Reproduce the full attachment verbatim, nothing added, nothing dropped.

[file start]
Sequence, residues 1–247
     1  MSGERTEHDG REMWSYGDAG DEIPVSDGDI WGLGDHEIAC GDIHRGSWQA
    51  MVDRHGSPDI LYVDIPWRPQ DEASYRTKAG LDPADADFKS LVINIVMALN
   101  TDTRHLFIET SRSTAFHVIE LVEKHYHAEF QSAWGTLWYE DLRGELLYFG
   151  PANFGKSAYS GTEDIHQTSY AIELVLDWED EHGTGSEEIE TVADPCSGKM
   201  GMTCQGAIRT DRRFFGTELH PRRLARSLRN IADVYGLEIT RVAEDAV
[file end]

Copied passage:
Sequence, residues 1–247
     1  MSGERTEHDG REMWSYGDAG DEIPVSDGDI WGLGDHEIAC GDIHRGSWQA
    51  MVDRHGSPDI LYVDIPWRPQ DEASYRTKAG LDPADADFKS LVINIVMALN
   101  TDTRHLFIET SRSTAFHVIE LVEKHYHAEF QSAWGTLWYE DLRGELLYFG
   151  PANFGKSAYS GTEDIHQTSY AIELVLDWED EHGTGSEEIE TVADPCSGKM
   201  GMTCQGAIRT DRRFFGTELH PRRLARSLRN IADVYGLEIT RVAEDAV